But sometimes it's just the right tool:
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The issue is riding on an interstate with its wide shoulders, with two lanes giving trucks a lane to pass and of course with no oncoming traffic must be safer.
Yes, I've seen them as parts getters in industrial plants and for shopping transportation in retirement communities but i've never seen on on the road. A combination of weight and odd handling and limited cornering ability are major disadvantages.
Opine me... Are the chain stays too short for rear saddlebags?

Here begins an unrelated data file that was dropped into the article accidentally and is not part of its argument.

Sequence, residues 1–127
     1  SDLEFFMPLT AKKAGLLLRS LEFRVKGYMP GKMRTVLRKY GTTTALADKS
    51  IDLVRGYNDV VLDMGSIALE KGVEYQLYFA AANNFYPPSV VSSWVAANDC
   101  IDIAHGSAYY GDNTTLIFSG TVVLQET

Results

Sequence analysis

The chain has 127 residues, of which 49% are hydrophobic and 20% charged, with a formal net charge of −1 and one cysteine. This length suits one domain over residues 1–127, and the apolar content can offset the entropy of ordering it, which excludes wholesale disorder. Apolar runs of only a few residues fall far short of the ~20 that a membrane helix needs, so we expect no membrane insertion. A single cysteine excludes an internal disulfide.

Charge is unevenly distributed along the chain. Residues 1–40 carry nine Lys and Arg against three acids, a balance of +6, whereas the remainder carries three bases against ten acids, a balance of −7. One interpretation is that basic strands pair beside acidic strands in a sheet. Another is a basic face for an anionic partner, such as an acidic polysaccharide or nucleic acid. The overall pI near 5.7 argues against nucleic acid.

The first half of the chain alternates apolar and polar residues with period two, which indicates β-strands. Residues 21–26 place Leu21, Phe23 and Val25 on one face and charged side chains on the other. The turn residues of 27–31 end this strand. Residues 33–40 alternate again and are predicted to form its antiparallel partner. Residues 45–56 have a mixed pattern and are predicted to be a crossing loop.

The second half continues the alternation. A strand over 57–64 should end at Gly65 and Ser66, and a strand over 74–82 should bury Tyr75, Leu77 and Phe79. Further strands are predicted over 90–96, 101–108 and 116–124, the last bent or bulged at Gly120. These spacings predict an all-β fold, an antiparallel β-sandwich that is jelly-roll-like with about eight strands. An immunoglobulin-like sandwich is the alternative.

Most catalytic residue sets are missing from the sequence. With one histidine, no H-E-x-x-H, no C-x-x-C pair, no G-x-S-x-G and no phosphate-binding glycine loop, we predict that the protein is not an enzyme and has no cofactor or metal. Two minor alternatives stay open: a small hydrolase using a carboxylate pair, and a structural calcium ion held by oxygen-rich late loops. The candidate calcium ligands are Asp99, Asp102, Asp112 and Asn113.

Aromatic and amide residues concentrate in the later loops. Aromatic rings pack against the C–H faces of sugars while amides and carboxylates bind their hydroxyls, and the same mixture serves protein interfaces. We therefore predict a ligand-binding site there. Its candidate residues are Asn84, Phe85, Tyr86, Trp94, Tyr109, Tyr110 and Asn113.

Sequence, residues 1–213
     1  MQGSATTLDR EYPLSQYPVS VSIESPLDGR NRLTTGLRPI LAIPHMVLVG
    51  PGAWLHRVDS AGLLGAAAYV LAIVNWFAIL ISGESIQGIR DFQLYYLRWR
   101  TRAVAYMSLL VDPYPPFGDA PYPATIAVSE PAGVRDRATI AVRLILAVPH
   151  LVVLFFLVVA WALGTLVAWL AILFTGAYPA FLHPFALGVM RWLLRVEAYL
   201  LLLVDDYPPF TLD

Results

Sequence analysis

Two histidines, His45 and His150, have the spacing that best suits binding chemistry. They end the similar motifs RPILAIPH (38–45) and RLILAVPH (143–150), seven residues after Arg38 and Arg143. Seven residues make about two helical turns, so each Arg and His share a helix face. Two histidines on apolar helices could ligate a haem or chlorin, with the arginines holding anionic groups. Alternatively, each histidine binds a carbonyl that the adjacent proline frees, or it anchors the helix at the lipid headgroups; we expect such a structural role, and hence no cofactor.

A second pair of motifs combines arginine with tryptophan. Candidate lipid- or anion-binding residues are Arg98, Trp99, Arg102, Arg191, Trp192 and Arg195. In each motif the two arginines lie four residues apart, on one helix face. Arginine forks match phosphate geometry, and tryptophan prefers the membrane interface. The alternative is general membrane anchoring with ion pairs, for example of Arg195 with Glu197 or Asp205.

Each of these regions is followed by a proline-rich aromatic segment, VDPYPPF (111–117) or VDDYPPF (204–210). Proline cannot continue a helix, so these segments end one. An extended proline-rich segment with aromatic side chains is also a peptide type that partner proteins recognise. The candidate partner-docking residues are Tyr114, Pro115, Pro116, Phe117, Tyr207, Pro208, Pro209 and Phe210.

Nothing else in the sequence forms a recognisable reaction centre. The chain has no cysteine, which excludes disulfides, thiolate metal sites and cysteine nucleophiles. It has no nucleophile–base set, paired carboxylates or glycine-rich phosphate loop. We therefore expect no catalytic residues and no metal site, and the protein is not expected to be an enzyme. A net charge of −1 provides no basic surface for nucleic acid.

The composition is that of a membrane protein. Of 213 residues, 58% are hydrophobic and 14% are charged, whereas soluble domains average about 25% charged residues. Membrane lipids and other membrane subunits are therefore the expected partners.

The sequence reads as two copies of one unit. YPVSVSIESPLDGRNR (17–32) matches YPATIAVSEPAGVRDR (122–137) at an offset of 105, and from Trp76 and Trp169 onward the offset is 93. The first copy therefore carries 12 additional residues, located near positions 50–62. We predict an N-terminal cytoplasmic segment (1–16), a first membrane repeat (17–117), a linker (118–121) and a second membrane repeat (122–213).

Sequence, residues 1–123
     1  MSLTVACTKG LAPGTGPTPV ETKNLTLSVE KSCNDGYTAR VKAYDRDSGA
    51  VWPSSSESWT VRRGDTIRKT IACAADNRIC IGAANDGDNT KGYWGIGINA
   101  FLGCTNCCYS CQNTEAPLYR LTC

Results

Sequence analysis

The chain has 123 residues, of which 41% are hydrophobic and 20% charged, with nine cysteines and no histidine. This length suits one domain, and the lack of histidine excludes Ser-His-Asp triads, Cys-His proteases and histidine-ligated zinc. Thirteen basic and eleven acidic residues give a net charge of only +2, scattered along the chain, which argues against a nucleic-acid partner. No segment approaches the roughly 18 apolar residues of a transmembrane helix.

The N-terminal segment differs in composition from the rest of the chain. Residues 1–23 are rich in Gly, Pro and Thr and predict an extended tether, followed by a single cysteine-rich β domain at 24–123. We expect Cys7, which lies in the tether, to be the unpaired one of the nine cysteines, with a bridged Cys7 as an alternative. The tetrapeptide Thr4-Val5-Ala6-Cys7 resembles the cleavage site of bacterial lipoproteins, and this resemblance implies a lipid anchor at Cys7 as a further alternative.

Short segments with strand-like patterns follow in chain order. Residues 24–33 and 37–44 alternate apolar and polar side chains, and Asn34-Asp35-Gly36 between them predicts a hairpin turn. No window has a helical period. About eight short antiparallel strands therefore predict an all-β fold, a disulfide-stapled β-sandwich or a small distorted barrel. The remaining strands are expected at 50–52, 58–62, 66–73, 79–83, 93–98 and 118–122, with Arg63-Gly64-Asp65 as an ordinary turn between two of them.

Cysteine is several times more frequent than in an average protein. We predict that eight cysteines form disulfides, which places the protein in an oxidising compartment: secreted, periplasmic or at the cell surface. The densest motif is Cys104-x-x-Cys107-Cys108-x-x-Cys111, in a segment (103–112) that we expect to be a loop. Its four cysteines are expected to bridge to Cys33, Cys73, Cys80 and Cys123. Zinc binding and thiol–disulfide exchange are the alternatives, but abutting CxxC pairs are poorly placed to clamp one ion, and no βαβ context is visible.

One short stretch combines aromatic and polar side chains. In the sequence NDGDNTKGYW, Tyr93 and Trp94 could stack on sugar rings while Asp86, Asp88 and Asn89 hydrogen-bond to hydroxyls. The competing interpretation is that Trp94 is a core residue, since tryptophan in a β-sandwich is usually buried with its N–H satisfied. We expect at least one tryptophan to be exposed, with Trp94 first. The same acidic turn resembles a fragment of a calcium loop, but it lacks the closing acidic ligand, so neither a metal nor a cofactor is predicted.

I remember the Schwinn Varsity having a fillet-brazed steel frame, but those fillets were absolutely huge-- very thick.
None of the steel bikes mentioned in this thread (Co-Motion Americano and Pangea and Surly Long Haul) are brazed lugged steel frames. All are TIG welded frames. No brazing on them. No lugs. If a TIG welded frame breaks, you will have to weld it back together, not braze it.
You are correct that neither Campagnolo or SRAM are in the touring business...
I will never understand this fascination with boiling water.
I see very little chance of slipping due to the tooth configuration of the belt, which would also eliminate excessive tension on the belt/ bottom bracket.